“That first session was amazing - it brought so many women from different walks of life together, all united in one place. I think they felt more safe and less inhibited when training as a result.”

Although the training was open to anyone, part of Khadijah’s mission was to show that Muslim women are capable of being powerful and athletic without being held back by stereotypes. “The hijab is removed during training, meaning that there were no barriers and we were all equal,” she explains. “My plan was to create my own martial arts organisation for all women, but where there was space for religious women to train and be respectful of their religion and their sport at the same time,” says Khadijah. “Anyone of any age and any background is welcome.”

Today Khadijah’s company Safari MMA (Mixed Martial Arts) has reached more than 3,000 people and currently has nine locations in the south east, with two more opening this year and plans to go nationwide. As well as Muay Thai, she and her instructors teach Thai boxing, cardio classes, workshops and kids boxing.

"My mission is to reach as many people as possible,” says Khadijah. “We recently launched an instructor training course for women because I want women to know it’s a career option. There’s been huge demand for it. We trained one lady who is deaf who will be able to teach martial arts using sign language.

“We’ve also partnered with a mental health charity to set up classes for people with mental health issues. I’d love to partner with prisons and work with ex offenders too.”

Lucozade Sport’s Movers List has included Khadijah as one of 50 people who are using sport to encourage more active lives, and her work has empowered many people to embrace a new sport, thus boost their confidence both physically and emotionally.

“The end goal is always self improvement,” says Khadijah, 37. “I like teaching people to have self belief, to break through goals. To have that mentality that you can achieve anything you want if you put the work in.

“Most people come to lose weight and get fit. I teach one woman who has lost 57kg through training, it’s been a major turnaround as she struggled with her weight for so long.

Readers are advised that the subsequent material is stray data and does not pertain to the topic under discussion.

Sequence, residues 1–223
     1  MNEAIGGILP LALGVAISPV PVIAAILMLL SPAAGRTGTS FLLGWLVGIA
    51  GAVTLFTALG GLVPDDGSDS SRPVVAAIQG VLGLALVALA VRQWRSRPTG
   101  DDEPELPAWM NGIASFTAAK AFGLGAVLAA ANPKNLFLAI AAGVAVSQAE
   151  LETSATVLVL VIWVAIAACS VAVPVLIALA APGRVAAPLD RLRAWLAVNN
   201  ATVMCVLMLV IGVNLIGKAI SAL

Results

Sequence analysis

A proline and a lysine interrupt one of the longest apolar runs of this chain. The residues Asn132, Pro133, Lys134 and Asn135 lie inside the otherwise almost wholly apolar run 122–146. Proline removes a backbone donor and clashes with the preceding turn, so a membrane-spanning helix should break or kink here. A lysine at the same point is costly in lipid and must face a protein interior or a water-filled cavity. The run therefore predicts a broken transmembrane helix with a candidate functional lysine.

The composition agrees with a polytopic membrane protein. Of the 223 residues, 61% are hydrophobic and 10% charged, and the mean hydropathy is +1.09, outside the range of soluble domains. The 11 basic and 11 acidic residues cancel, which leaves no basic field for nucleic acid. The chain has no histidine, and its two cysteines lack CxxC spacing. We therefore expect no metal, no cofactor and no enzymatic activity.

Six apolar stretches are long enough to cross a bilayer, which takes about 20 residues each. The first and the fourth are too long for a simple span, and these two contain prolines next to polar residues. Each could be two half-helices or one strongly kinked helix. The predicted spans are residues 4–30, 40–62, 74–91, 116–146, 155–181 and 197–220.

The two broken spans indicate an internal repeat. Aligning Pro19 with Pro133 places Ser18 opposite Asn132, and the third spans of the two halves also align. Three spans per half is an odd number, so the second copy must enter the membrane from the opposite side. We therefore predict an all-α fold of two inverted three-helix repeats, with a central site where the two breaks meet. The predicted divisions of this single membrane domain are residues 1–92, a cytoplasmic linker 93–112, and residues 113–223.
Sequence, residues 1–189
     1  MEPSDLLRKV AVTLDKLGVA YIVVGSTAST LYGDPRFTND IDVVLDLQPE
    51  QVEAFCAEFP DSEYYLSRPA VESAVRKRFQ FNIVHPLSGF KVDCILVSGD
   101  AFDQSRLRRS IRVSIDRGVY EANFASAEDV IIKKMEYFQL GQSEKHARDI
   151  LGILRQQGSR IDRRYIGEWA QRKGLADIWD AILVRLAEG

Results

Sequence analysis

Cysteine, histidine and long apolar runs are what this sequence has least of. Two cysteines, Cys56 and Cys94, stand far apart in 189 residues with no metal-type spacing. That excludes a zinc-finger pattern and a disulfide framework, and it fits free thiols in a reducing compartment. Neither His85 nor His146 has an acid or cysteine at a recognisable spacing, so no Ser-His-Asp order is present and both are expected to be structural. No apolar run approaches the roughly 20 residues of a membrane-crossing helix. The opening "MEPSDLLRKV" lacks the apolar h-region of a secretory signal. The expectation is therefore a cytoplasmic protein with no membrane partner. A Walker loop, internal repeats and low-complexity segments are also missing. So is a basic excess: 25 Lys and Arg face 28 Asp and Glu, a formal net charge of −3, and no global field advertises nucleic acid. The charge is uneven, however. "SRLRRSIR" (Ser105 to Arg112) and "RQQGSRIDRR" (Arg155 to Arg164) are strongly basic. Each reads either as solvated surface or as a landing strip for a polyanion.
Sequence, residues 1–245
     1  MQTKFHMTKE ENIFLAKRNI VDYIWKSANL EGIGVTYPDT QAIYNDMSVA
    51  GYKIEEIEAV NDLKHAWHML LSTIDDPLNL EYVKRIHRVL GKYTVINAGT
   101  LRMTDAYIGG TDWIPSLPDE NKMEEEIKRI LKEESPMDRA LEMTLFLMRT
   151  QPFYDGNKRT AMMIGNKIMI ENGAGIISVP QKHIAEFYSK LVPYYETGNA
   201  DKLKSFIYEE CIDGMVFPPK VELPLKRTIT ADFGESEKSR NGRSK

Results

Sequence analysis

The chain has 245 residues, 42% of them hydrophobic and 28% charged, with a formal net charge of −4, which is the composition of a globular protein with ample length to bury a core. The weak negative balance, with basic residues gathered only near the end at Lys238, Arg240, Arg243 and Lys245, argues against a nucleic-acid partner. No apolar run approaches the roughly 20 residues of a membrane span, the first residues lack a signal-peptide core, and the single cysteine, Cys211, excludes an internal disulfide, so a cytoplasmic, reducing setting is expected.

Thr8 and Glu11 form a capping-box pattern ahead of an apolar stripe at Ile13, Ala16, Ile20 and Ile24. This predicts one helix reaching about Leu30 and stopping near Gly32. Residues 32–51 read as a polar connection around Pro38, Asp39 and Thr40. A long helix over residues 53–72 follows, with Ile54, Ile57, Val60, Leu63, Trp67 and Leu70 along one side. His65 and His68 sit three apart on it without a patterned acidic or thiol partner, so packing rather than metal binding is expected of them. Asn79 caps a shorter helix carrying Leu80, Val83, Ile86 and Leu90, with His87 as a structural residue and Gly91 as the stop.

"But training can give people so much more than just better fitness. I had a victim of domestic violence who credits learning Muay Thai with giving her the confidence to come out of that situation. I also had a woman come who wanted a promotion at work. She came purely to help boost her confidence. A month or so after she started training she got what she wanted.

“I could never have predicted what women would get from learning martial arts, but now I feel like it’s my duty to pass that knowledge on. I enjoy it so much because I see the end results, how it’s often a life changing experience and not just a sport. It’s a space where people don’t have to worry about others watching them or what others think. You instantly become part of a community. There’s no way I would be able to stop doing martial arts now. I’m only just getting started.”



First Friday rally in Ashland supports congresswomen, Ilhan Omar and Rashida Tlaib

September 06, 2019

A rally to stand with congresswomen Ilhan Omar and Rashida Tlaib is planned for 6 to 8 p.m. Friday, Sept. 6, at the Ashland Plaza.

The intention is to “support a respectful dialogue about Israel’s occupation of the West Bank and blockade of Gaza, and support the right to criticize Israel and boycott Israeli companies and products,” according to a press release.

The release also states that the groups organizing the event, Rogue Valley Jewish Voice for Peace and The United Nations Club at Southern Oregon University, oppose anti-Semitism.

Avram Sacks, membership coordinator for Jewish Voice for Peace in the Rogue Valley, said the two congresswomen are the first Muslim women elected to Congress and have been attacked for addressing the lack of a “fair and objective discussion of Israeli policy in the U.S. media or in the U.S. Congress.”